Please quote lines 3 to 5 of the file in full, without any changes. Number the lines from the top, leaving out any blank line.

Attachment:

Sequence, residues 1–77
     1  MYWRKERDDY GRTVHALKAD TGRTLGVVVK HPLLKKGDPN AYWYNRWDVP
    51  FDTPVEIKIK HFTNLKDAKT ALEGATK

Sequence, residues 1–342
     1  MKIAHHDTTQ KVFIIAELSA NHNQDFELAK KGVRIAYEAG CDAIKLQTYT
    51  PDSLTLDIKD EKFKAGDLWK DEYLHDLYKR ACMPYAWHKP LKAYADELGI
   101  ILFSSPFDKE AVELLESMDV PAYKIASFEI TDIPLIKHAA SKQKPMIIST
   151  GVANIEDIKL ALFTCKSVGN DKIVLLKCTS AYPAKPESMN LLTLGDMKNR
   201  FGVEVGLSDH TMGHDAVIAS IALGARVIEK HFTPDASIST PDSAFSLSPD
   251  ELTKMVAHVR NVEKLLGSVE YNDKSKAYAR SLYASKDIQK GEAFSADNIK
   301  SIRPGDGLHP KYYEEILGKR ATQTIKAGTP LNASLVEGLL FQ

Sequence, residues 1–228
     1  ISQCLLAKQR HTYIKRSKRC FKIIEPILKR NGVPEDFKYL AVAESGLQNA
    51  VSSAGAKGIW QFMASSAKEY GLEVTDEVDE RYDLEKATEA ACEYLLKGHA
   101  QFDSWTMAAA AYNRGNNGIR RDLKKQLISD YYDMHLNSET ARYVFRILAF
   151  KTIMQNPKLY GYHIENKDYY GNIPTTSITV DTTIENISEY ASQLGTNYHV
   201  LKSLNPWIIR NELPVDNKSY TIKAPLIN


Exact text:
    51  FDTPVEIKIK HFTNLKDAKT ALEGATK

Sequence, residues 1–342
     1  MKIAHHDTTQ KVFIIAELSA NHNQDFELAK KGVRIAYEAG CDAIKLQTYT